Three candidates have set their sights on one of the two elected seats on the Brunswick-Glynn County Joint Water and Sewer Commission this year.

Audrey Gibbons and Robert Duncan will be facing off against incumbent Clifford Adams in the primary on May 22. The winner will either be decided in the primary or in a runoff, should none of the three get more than 50 percent of the votes.

The incumbent, Clifford Adams, has lived in the Golden Isles for 55 years, and worked for multiple utilities for 20 years. He was working as a builder when housing bubble burst in the Great Recession, at which point he decided to retire, he said.

He is finishing up his second term despite being in office for four years. His first two terms were two-year terms. The term was later increased to four by the Georgia General Assembly.

“I’ve enjoyed it. It’s been a headache, but I think we’re going the right way,” Adams said.

The utility’s wastewater treatment plants at Academy and Dunbar creeks concern him, he said.

“The plants, in the next two to five years, they’re really going to be looked at hard,” Adams said. “Those plants are old.”

He said the commission’s decision to lower tap-in fees may draw in new business, but the utility will need to find another source of income.

“One thing I do feel good about, to be honest with you, is tap fees. We’ve got tap fees at where I think we’re going to draw businesses in,” Adams said. “But with tap fees like that, we’re not building any capital, so we won’t be able to expand. But that’s something we’re going to have to cross when we get there.”

Adams also wants to use more special-purpose, local-option sales tax revenue to repair and expand the public water and sewer systems, which he said would help the county grow.

“I’ll see if I can help Glynn County and the city grow, that’s what I’m after. And St. Simons, we want to work over there too,” Adams said.

Audrey Gibbons, an accountant, graduated from Brunswick High School and Georgia Southern University, among others.

She is also chairwoman of the Glynn County Democrats and has completed economic development and leadership training courses.

Gibbons said she was inspired to run for the utility commission at a leadership development training course. She said there needs to be more transparency and cooperation between the JWSC, the city of Brunswick and Glynn County, and she plans to push hard to achieve that if she’s elected.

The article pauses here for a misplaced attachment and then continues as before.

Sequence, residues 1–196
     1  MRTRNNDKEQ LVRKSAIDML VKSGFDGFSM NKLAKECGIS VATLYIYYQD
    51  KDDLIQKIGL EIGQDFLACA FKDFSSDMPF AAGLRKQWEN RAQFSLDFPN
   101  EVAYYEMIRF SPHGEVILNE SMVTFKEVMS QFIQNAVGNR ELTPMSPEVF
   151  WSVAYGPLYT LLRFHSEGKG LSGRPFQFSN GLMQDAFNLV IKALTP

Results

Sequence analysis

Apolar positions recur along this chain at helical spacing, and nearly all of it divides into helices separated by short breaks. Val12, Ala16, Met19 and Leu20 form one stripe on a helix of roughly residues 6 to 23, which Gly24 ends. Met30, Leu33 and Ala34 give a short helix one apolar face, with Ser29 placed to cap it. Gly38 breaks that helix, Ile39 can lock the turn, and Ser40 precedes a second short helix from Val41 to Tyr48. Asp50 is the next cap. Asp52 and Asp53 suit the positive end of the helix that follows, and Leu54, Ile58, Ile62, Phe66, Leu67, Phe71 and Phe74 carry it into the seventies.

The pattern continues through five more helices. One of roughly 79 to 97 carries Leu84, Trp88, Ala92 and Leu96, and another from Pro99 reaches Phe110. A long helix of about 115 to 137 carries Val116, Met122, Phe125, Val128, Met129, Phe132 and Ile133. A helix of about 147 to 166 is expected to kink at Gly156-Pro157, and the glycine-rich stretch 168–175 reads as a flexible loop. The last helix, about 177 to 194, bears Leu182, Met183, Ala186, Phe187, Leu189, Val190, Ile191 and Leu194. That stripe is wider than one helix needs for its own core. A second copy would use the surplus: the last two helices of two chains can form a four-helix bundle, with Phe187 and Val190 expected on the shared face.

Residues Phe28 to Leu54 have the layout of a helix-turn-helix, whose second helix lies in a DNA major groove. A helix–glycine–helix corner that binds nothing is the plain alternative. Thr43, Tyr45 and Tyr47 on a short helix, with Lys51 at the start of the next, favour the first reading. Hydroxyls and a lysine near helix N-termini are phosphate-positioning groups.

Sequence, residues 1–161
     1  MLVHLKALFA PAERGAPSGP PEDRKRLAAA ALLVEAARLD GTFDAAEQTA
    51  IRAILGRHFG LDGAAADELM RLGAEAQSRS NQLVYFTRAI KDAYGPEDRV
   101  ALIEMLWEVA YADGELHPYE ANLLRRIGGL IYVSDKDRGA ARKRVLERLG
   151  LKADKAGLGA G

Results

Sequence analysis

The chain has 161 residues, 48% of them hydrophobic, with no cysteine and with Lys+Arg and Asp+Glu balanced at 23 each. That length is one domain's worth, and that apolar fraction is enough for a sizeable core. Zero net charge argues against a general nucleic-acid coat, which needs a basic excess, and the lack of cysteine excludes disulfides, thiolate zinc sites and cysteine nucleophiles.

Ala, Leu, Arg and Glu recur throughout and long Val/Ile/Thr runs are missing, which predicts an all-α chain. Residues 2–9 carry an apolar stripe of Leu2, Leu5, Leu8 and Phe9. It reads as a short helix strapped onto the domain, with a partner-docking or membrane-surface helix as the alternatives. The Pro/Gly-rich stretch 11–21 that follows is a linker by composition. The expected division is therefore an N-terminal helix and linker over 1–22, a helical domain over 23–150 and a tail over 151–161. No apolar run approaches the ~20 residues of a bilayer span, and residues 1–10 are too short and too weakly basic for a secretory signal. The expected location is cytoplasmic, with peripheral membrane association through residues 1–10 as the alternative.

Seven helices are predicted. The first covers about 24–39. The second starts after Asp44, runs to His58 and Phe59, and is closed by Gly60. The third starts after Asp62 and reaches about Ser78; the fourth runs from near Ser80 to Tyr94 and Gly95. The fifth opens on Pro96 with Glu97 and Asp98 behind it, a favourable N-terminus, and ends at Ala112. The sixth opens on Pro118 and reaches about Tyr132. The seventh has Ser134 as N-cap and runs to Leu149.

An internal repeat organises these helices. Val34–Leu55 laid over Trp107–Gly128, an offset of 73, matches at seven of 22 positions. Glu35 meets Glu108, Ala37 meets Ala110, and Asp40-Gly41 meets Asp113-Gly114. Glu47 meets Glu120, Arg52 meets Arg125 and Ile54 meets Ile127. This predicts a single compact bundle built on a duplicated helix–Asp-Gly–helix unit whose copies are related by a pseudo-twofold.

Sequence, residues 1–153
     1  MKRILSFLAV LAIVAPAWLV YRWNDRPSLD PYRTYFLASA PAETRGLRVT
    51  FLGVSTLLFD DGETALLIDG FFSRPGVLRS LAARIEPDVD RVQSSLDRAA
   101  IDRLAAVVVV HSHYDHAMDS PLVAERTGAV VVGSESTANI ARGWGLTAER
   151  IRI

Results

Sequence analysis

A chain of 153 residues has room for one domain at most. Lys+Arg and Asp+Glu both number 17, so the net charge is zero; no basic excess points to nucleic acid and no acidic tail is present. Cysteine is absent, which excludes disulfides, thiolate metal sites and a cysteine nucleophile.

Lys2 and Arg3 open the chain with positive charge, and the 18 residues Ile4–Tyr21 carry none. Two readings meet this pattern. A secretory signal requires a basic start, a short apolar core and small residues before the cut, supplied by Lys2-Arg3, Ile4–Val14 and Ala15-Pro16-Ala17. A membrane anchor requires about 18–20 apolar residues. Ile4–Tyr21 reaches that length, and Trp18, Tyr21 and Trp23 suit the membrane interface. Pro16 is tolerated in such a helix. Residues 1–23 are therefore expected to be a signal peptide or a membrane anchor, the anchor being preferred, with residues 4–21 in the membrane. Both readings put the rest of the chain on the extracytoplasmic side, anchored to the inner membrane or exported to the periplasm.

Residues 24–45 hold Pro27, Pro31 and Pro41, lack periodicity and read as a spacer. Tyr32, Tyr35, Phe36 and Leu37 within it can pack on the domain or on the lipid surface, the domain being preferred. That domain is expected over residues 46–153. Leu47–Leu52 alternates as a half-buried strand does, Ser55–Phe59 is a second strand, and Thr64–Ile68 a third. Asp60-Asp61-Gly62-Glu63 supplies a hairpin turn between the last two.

Both the city and the county need commercial and industrial development, but efforts to attract it are crippled by insufficient access to the water and sewer systems. If elected, she plans to pursue federal grants and low-interest loans to boost expansion of the system.

Water and sewer projects need to be prioritized on future special-purpose, local-option sales taxes, she said. Gibbons believes the community needs to put more into the public water and sewer system, pointing to when county residents were prevented from coming home sooner following Hurricane Irma because of issues with the public sewer system.

Alternate methods to fund capital improvement need to identified, she added, as increasing tap-in fees proved to be a no-go. Increased environmental responsibility is also on her agenda.

Duncan’s family moved to Glynn County in 1960. He graduated from Brunswick High School and Brunswick Junior College, now College of Coastal Georgia, before take classes on engineering at other colleges.

His brother, Patrick Duncan, is also a Golden Isles resident who is currently serving on the Islands Planning Commission.

Robert Duncan has worked in utilities for 40 years, for Georgia Power and Duke Energy, among others. He has touched most areas of a utility in his career, he said, including engineering, management, finance, and sales.

“I feel like my experience is very well rounded to serve at a commissioner level,” Duncan said.

Longterm funding is of significant importance for the utility, he said. He doesn’t think the utility can sustain itself on its current revenue from water and sewer rates and tap-in fees.

Proposed spending on the Dunbar and Academy Creek plants in excess of $80 million is unnecessary, Duncan said. Studies have suggested they will be able to handle the sewer flow for the next 20 years as long as they, and the rest of the system, are maintained, he explained.

The utility needs to be able to expand to meet the needs of a growing community, and to be a partner in economic development, Duncan said. To that end, he said he is committed to working with the state and federal governments on funding, if elected.

Duncan also recognized that there are a lot of things the utility commission rules on beyond the major issues, and said he would educate himself on them. If elected, he said he would strive to be a very engaged leader and interact with all levels of the utility, from commissioners to employees and customers.

The Glynn County Board of Elections is still in need of poll workers for the primary. For more info, 912-554-7060.

The primaries are May 22 and the general election is Nov. 6. Early voting for the primary begins April 28. The last days people can register to vote are April 23 for the primary and Oct. 9 for the general election.

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